Date of this Version
McCammon, Christopher. Re(Public)an Reasons: Toward a Republican Theory of Legitimacy and Justification. Dissertation, University of Nebraska. Lincoln: ProQuest/UMI, 2015. (Publication No. 12040.)
There is a kind of power no one should have over anyone else, even if they don’t do anything with this power, or even if they only use this power for good. The republican tradition of political philosophy calls this kind of power domination. Here, I develop a theory of domination, and use this theory to advance our understanding of political legitimacy and justification.
My account of domination refines recent neo-republican attempts to identify dominating social power with the capacity to interfere arbitrarily with the choices of others. I argue that this capacity is not sufficient for domination. Instead, domination requires that one agent possess “impositional” power over someone else: power enough to make their refusal to cooperate more costly than cooperation across a wide range of forms that cooperation might take. But not all impositional power is domination; impositional power is domination to the extent that those wielding it do so in “deliberative isolation”—in accord only with their own sense of what’s best.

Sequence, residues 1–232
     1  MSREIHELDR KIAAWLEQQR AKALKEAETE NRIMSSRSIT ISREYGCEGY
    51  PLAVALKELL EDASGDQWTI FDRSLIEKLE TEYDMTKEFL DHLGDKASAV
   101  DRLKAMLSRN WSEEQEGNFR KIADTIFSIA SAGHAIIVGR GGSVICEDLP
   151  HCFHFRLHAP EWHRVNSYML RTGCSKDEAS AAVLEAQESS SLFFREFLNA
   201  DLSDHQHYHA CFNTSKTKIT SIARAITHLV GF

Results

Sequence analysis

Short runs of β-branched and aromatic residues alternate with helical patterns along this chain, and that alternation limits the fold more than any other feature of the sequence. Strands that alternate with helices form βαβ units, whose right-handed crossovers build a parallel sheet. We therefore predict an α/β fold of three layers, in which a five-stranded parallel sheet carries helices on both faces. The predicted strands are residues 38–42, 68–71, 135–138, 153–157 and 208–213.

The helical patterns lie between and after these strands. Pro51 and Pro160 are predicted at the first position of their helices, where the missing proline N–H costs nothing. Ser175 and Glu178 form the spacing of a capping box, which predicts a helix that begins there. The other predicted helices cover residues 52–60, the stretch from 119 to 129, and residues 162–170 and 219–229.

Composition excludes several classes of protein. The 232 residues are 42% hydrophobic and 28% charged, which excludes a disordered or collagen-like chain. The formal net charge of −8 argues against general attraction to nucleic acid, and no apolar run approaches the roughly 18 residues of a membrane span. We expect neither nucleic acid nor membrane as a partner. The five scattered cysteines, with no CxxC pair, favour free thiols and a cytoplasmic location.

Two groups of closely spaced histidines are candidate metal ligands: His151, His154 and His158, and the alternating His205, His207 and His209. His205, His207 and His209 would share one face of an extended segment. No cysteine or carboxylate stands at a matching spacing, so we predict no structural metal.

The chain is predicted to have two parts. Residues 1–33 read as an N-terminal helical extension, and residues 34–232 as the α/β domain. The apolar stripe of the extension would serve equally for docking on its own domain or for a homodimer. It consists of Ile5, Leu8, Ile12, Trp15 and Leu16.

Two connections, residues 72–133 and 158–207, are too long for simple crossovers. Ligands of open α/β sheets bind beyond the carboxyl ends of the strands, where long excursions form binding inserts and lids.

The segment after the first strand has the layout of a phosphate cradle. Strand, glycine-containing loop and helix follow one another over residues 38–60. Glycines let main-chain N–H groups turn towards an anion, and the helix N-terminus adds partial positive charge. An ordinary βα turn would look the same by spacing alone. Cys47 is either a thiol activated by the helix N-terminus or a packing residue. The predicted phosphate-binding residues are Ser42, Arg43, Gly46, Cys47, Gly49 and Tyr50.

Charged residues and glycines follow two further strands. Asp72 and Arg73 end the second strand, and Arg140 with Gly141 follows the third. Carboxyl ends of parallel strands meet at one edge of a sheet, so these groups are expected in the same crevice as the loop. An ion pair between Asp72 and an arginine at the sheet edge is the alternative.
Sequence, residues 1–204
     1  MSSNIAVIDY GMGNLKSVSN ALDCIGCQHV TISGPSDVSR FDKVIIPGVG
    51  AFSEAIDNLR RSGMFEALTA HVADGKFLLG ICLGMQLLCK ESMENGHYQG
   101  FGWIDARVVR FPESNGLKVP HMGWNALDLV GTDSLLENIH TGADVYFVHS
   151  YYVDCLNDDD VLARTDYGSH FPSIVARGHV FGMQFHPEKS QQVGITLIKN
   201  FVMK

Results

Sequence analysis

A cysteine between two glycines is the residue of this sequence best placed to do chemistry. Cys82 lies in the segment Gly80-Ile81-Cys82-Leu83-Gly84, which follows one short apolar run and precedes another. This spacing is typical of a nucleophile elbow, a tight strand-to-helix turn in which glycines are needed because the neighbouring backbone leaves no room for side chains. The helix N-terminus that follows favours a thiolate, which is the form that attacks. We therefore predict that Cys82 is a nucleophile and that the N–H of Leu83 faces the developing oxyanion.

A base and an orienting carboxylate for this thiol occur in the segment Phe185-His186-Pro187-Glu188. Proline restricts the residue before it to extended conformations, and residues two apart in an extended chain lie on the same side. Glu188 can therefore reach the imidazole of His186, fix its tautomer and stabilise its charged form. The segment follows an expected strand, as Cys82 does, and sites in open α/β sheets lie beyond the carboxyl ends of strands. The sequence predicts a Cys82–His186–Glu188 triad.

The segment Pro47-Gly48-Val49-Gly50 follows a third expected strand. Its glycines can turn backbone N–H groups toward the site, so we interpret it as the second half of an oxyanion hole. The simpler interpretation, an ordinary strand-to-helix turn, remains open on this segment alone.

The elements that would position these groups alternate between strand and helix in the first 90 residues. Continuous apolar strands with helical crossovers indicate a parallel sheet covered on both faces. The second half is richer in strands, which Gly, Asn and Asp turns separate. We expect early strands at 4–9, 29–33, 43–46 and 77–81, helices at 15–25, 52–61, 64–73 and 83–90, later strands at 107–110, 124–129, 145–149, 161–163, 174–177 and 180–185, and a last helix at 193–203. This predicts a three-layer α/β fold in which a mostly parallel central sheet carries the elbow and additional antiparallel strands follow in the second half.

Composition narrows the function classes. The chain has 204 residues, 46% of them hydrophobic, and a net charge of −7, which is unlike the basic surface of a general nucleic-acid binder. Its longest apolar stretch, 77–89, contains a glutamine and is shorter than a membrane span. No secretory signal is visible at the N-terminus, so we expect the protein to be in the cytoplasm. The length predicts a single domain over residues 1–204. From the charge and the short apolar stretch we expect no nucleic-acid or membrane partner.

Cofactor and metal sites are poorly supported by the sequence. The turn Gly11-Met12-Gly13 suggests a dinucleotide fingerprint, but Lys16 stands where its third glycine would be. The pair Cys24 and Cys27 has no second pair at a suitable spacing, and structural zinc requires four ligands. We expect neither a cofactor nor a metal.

The nature of domination, what it takes to minimize it, and its connection to deficits in political values like freedom and equality, are the subject of Chapter 2. The remainder of the dissertation uses the results of that chapter to construct a non-voluntarist alternative to the standard liberal account of how to reconcile political power with freedom and equality. Chapters 3 and 4 show how consent—actual or hypothetical—is not necessary to legitimize political power. What is necessary is that such power enable us to fulfil our duties against dominating others, while remaining accountable to us so that the state does not itself become a source of domination. How duties against domination can legitimize states is the primary subject of Chapter 3. Chapter 4 turns to the question of what we owe our fellow citizens as we cooperate together in the task of holding the state accountable. The answer to this question amounts to a repurposing and reformulation of public reason liberalism.
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